#WRawesome Online: Scott Chantler

I feature an interesting website, blog, Twitter feed, Facebook page or other online destination related to Waterloo Region on CKWR with Randolph J. Johnston called #WRawesome Online, Mondays at about 12:30. Here is the Midday with RJ’s Facebook page.

I hope by doing so that I’ll help people find places online that help them to connect to their community–online and in the real world. By doing so, I hope to help people find online places that they might not find otherwise and make our community a better place to live.

For folks looking for communications advice, you can get tips from each selection featured. I’ll highlight at least one example in my weekly post.

Who is Scott Chantler?

Let me start by saying that Scott Chantler is just plain WRawesome. Everyone in Waterloo Region should know about this outstanding graphic novelist who lives in our midst. If you’re going to TEDxWaterloo, you’ll get a chance to learn more about him when he speaks. I’m a huge fan and have been since we worked together years ago at Creative Options.

Scott describes himself as a cartoonist. He dislikes his work as being described as a graphic novel because “graphic novel” is not a genre. Rather it is a form of telling a story that uses illustrations and it can fall into any genre such as romance, science-fiction and non-fiction. But as we’d describe an author of a book with only words as a novelist, I’ll describe Scott as a graphic novelist since in his most recent work he both writes and draws the story. (But it’s also because I know it’ll bug him!)

Scott is best known for his book based on his grandfather’s experiences in World War II called The Two Generals. His grandfather’s wartime journal inspired the story that he told after doing extensive research. He also has a successful series of children’s books called Three Thieves.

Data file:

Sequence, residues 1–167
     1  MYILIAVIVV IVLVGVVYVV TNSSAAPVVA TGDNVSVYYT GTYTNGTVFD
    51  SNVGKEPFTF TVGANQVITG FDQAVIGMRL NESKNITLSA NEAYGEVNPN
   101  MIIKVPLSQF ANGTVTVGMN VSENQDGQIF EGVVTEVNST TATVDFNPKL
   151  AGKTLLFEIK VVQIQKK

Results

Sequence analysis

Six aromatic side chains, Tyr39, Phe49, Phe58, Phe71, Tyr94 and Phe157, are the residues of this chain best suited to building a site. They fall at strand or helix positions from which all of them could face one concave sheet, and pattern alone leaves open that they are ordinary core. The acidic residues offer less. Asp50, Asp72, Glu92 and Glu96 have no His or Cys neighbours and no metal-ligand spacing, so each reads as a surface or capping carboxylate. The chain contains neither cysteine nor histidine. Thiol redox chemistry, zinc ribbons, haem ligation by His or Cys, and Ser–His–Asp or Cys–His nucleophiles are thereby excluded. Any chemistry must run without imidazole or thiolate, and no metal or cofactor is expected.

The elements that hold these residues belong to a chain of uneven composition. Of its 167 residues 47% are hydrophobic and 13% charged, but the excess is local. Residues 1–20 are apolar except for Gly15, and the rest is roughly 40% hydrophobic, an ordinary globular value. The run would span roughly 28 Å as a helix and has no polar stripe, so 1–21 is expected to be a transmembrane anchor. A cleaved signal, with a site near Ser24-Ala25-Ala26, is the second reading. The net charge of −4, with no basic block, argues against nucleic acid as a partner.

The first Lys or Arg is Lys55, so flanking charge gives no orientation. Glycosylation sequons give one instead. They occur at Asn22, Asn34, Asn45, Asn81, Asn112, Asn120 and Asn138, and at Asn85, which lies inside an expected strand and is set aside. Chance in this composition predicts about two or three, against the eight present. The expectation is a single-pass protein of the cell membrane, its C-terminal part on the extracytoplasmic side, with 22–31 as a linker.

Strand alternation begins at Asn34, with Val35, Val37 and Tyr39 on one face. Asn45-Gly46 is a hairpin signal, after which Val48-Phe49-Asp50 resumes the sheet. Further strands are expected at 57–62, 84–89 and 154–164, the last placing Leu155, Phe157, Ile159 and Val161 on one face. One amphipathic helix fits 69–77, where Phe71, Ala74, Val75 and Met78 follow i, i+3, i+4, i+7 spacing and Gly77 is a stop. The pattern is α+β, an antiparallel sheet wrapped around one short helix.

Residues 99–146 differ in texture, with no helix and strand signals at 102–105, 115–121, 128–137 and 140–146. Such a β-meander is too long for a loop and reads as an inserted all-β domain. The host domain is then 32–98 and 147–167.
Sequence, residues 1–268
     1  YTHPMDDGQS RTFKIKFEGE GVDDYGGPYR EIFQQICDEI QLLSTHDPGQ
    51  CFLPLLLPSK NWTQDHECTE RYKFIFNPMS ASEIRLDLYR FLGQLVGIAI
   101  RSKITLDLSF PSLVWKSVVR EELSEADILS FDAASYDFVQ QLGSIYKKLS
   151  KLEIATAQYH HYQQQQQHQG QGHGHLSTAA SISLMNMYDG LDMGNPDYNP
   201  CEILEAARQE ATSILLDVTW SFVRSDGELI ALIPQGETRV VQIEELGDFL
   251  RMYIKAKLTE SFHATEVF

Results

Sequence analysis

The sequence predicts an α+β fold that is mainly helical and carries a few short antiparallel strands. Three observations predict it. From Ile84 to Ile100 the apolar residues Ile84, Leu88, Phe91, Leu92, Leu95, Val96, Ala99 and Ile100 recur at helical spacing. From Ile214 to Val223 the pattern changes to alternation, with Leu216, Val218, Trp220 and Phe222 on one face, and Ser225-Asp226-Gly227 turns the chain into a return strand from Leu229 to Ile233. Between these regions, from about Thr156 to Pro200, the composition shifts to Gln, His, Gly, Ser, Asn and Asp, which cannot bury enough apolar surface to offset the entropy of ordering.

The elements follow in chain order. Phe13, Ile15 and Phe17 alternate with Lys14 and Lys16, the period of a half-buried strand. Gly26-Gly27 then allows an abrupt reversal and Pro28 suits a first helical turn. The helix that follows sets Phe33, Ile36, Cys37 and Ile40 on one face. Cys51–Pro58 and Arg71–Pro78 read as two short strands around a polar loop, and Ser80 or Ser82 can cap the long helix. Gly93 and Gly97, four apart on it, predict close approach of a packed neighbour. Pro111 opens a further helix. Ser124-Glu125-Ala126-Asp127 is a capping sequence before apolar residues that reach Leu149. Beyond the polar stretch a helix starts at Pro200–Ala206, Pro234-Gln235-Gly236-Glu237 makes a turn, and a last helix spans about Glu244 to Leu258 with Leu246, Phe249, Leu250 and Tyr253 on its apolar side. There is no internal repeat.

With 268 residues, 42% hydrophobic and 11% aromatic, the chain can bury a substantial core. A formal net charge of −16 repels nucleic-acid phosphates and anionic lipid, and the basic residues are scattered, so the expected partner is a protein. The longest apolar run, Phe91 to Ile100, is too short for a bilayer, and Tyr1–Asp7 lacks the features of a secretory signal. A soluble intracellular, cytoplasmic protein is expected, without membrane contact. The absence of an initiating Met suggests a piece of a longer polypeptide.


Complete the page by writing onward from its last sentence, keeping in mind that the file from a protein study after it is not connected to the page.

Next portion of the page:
Why Chantler is WRawesome

But not of that makes Scott, #WRawesome Online. His blogging and presence on Twitter do.

Chantler’s online presence is a perfect example of how to promote yourself online without appearing to be promoting yourself (or your business/organization) online. Sure there’s some self promotion as a part of the mix but it’s clear that he’s not online with the sole focus of pushing out information to sell books.

On Twitter, Chantler talks about his life and his work. You learn who he is as a person. Fans can follow his projects as they make their way to them. Everyone can get a glimpse what goes into creating a book in the graphic style. My impression is that Chantler must be one of the hardest working guys around. He also uses Twitter to connect with his peers, fans and other tweeps.

He uses his blog to give people a more in depth look at his work as a cartoonist. For example, he has shared his extensive research for the Two Generals. It’s a perfect example of giving people content that they find valuable so that they share it and keep coming back.

Chantler could easily say he doesn’t have time for blogging and Twitter. But he obviously sees it as a priority and makes the time for it. He’s smart enough to know he needs to find the time.

How to find the time for social media

Do you struggle with your own busy schedule? Check out my post on how to find time for social media.

2 comments
Scott Chantler
Scott Chantler

All right, I know you're just having me on, but here's the thing about the term "graphic novelist". It's has nothing to do with comics not being a genre (although you're correct to point out that they aren't). It's that we already have a perfect word for somebody who writes with pictures: cartoonist (a word many people misunderstand to mean "animator," but that's not my problem). Furthermore, the word "novelist" is problematic, in that it's limiting. Two Generals, despite being called a "graphic novel" is in fact not a novel of any sort: it's non-fiction. Also, not all comics are graphic novels...many of us, myself included, still do shorter works in the more traditional monthly format. Do I have to change job titles when I do so? "Cartoonist" describes what I do precisely, while not limiting what I do with needless grandiosity. And it has a nice history to it, to boot. Your obvious attempt to raise my hackles aside, thanks for the love. ;)

James Howe
James Howe

Ok, ok, cartoonist! But it still makes me think of Bugs Bunny--a fine art form in its own right but...if you prefer cartoonist so be it. Glad to hear you appreciated the love. See you next week when you speak at TEDxWaterloo. P.S. Sorry I had trouble putting links to your website up earlier but they are there now.